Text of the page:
The facility’s ultrabright X-ray beams will turn off for a year to enable a comprehensive upgrade, one that will light the way to new breakthroughs
BY ANDRE SALLES | APRIL 17, 2023
With the start of the construction period, the Advanced Photon Source is now only a year away from re-emerging as a world-leading X-ray light source. Its brighter beams will lead to new discoveries in energy storage, materials science, medicine and more.
After years of planning and preparation, the team behind the APS Upgrade project will now spend the next 12 months removing the old electron storage ring at the heart of the facility, replacing it with a brand new, state-of-the-art storage ring and testing the new ring once it is in place. The team will also build seven new experiment stations, construct the needed infrastructure for two more and update nearly every existing experiment station around the APS ring.
This is an extensive project, representing an $815 million investment from DOE. When complete, the APS will re-emerge as a world leader in global hard X-ray synchrotron science, enabling unimaginable new discoveries. Science conducted at the APS will lead to longer-lasting, faster-charging batteries, more durable airplane engines and better treatments for infectious diseases, among many other discoveries.
“The APS Upgrade is not only an investment in the facility’s future, but in the next 25 years of advancements that will change the way we power our vehicles, harness renewable energy and learn more about the fundamental science that underpins our future technologies.” — Linda Horton, associate director of science for Basic Energy Sciences, U.S. Department of Energy.
“This is a significant day for Argonne,” said Argonne Director Paul Kearns. “The APS Upgrade will transform the future of science for America and the world. Once we safely complete construction, the APS will shed new light on how the brain works, develop materials to decarbonize our economy, refine quantum technologies that can power the internet of the future and answer many other questions in numerous other disciplines.”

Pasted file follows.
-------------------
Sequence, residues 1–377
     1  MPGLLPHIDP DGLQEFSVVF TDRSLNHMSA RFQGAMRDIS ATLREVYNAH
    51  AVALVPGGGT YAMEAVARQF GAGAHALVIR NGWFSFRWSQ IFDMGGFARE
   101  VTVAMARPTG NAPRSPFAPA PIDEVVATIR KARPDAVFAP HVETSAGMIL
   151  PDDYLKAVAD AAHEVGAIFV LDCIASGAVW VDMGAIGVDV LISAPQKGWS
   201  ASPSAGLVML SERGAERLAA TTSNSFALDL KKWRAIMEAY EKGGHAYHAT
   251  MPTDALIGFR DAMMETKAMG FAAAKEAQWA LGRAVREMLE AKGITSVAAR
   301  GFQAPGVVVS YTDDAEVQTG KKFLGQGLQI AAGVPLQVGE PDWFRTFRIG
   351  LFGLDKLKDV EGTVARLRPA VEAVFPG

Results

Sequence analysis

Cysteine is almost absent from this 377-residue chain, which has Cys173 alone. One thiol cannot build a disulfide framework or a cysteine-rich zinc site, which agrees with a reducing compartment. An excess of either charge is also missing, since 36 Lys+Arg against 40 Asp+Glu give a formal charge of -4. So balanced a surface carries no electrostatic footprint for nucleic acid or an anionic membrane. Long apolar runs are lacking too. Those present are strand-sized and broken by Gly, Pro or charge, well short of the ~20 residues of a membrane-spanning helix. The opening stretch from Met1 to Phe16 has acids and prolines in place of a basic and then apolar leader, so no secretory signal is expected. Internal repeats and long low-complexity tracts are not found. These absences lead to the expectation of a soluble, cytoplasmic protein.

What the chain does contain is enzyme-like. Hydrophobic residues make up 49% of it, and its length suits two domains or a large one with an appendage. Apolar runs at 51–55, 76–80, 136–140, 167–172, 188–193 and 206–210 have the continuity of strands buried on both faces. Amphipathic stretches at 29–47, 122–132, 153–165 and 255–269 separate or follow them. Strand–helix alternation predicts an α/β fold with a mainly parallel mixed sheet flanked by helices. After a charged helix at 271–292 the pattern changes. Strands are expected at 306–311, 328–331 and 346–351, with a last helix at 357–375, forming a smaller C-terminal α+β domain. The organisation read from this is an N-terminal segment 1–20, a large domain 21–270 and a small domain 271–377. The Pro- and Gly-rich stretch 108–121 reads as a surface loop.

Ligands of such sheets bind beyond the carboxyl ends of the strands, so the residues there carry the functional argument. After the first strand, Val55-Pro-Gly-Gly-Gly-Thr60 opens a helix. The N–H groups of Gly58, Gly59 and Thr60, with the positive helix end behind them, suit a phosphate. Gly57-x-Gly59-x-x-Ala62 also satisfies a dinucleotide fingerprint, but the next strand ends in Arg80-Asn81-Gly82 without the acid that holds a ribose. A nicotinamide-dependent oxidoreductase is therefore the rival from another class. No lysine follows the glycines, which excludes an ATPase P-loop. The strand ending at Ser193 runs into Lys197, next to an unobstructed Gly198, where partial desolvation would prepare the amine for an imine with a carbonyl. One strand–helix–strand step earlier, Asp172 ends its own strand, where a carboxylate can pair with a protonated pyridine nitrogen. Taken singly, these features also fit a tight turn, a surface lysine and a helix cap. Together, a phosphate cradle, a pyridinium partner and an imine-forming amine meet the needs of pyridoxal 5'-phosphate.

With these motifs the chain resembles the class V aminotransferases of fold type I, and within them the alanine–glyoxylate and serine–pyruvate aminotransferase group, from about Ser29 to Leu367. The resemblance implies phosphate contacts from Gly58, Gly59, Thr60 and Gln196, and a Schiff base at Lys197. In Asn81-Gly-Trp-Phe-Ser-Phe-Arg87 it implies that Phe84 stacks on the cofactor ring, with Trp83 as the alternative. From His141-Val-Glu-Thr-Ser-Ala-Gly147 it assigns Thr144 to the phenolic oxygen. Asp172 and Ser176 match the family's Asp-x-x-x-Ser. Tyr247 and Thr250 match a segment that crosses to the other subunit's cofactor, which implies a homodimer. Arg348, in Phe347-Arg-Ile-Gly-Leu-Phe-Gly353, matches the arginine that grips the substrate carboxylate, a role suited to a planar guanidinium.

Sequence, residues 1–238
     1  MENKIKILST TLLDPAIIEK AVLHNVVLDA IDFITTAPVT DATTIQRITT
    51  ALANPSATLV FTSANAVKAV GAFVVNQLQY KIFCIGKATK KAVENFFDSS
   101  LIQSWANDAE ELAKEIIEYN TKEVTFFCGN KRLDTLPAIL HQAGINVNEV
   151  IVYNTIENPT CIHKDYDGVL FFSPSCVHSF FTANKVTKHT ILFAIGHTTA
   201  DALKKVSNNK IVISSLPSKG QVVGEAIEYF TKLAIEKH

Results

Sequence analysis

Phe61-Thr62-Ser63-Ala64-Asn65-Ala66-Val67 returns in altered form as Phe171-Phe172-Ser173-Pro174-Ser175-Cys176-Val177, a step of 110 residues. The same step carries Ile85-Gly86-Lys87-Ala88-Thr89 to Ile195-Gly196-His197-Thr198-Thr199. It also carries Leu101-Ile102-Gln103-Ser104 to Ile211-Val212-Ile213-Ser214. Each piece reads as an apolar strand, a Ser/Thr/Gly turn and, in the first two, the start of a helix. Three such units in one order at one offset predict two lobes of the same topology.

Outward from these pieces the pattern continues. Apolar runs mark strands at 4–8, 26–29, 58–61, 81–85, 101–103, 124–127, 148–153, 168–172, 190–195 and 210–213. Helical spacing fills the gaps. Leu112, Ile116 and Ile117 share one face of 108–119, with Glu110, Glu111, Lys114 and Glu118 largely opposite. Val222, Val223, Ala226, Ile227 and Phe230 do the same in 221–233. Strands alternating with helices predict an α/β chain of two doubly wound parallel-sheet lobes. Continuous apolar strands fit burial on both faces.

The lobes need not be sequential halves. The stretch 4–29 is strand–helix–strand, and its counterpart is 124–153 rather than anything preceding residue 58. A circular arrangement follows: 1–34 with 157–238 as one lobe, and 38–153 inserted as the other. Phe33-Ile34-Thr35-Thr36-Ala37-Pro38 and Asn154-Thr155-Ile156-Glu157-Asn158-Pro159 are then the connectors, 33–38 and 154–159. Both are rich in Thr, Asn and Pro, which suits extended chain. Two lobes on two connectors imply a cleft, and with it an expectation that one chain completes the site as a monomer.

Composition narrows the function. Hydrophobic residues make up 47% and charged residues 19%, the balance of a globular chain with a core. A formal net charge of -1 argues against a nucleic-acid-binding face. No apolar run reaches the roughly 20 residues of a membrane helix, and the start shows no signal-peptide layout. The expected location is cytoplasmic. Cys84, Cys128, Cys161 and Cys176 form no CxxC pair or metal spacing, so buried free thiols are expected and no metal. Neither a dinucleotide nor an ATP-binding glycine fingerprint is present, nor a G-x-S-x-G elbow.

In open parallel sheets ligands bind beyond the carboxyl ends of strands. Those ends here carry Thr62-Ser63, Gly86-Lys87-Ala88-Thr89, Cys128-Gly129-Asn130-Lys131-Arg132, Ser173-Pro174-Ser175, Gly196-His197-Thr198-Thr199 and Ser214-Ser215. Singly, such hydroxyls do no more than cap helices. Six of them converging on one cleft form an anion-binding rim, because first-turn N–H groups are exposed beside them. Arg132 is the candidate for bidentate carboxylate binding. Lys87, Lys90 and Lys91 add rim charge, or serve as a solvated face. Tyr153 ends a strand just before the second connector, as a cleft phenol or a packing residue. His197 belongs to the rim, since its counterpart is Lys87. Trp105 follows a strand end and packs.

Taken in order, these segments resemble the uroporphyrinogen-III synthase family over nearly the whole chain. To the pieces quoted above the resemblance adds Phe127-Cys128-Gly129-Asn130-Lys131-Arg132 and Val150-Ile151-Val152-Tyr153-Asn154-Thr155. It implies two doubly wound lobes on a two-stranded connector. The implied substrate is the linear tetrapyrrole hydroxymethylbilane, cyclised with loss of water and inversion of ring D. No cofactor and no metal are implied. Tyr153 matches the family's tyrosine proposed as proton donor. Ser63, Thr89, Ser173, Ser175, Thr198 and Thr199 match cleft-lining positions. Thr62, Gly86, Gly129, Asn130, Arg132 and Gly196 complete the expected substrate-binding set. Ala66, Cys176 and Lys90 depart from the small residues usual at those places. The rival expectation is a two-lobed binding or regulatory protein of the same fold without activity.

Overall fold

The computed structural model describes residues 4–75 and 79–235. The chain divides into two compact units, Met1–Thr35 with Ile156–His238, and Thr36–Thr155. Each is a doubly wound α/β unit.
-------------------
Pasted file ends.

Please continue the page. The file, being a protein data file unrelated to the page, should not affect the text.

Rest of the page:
When it’s complete, the X-ray beams generated by the upgraded APS will be up to 500 times brighter than those of the current facility. These brighter beams will allow scientists to peer more deeply inside materials, track the movements of ions inside batteries and trace the path of energy through extremely small microelectronic chips.
“What an exciting time for everyone who works on and uses the APS,” said Laurent Chapon, associate laboratory director for Photon Sciences at Argonne and director of the APS. “The scientists who conduct research at this facility, and our staff who collaborate on and support that research, contribute to innovations that affect our everyday lives. We look forward to seeing what discoveries will happen using these new capabilities.”
Upgrading the APS is a complex endeavor, one that requires hundreds of people to complete. Many of those people have already been working on this project for close to 10 years. The new storage ring is made up of 1,321 powerful electromagnets, thousands of power supply units and a thin, but lengthy vacuum system that connects everything together. It will need 32 miles of power cable, eight miles of diagnostic cable and 20 miles of optical fiber. It will be assembled in sections at an offsite location near the Argonne campus and then transported to the existing APS facility. All together, the storage ring will be about 2/3 of a mile around and will weigh about 6 million pounds.